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US gasoline stocks tighten as demand sees largest uptick since June


Gasoline stocks fall 260,000 barrels

Gasoline demand jumps 8% on week

Crude stocks climb 4.35 million barrels; exports slow

New York — US gasoline inventories saw a counter-seasonal decline in the week ended Jan. 15 amid a sharp uptick in demand, US Energy Information Administration data showed Jan. 22.

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Total gasoline inventories fell 260,000 barrels to 245.23 million barrels last week, EIA said, well-under a 4 million-barrel build typically seen in mid-January. The draw left inventories 2.3% behind the five-year average, the widest deficit since the week ended May 3, 2019.

Gasoline inventory draws were concentrated on the West Coast, where stocks declined 510,000 barrels to 3.267 million barrels. US Atlantic Coast stockpiles edged down around 40,000 barrels to 68.09 million barrels. Modest builds were seen on the US Gulf Coast and in the Midwest, however, in all regions outside of the Rockies, inventories lost ground to the five-year average.

The inventory draw comes as implied gasoline demand jumped 580,000 b/d to 8.11 million b/d, the largest one-week increase since the week ended June 19. Gasoline demand was just 6.4% behind the five-year average last week, in from 11.9% the week prior and the smallest deficit since the week ended Nov. 6.

Notably, the increase in EIA-reported demand, which is a proxy based on product disappearing from primary sources, is in line with an uptick in end-user demand seen in recent weeks. Apple mobility data shows US driving activity climbed for a second straight week last week, edging up 0.8% from the week prior.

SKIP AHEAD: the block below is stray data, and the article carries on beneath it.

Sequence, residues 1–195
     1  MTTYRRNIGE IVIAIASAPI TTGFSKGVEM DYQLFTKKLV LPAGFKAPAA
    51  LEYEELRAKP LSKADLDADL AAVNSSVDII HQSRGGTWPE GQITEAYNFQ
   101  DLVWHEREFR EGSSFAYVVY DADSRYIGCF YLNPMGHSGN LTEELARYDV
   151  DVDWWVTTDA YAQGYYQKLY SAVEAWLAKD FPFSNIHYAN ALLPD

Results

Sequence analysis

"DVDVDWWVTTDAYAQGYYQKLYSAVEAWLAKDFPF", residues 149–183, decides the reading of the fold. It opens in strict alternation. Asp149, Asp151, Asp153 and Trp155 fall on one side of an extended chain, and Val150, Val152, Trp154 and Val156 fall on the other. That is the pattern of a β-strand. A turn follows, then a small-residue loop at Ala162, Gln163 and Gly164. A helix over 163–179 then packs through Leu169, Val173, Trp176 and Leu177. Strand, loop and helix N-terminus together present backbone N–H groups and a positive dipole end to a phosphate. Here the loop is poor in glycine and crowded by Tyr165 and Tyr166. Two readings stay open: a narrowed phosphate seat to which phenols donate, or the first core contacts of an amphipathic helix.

Total distillate inventories, in contrast, showed a counter-seasonal build last week, climbing 600,000 barrels to 164.26 million barrels.

Total net crude inputs climbed 110,000 b/d to 14.76 million b/d as the nationwide utilization rate edged up half a percentage point to 82.5% of total capacity. Both refinery inputs and utilization were the strongest since March, but still lagged their respective five-year averages by 13.4% and 9.5%, respectively.

Strengthened refinery runs were supported by an uptick in margins last week, driven in large part by stronger gasoline cracks.

US Gulf Coast WTI MEH cracking margins averaged at $8.30/b in the five-days ended Jan. 15, according to S&P Global Platts Analytics, up from a month-to-date average of $7.77/b. Over the same period, the unleaded 87 gasoline crack versus WTI MEH averaged at $9.26/b, up compared with $8.58/b to-date this month and well above December levels of $5.94/b.

Crude stocks climb amid export slowdown

US commercial crude stocks climbed 4.35 million barrels last week to 486.56 million barrels, putting inventories 9.3% above the five-year average. The build ended five consecutive weeks of draws that shrunk the supply overhang from 11% above average to below 9%.

The build exceeded market expectations and added headwinds to crudes prices. Front-month NYMEX March WTI settled down 86 cents on Jan. 22 at $52.27/b.

USGC crude stocks surged 5.59 million barrels to 263.05 million barrels as exports volumes fell to a six-week low 2.25 million b/d. USGC imports were also at a six-week high after climbing 440,000 b/d last week to 1.44 million b/d, however, total US imports edged down 190,000 b/d to 6.05 million b/d.

Notably, inventories at the NYMEX delivery point of Cushing, Oklahoma, saw the largest one-week drop since May, falling 4.73 million barrels to 525 million barrels.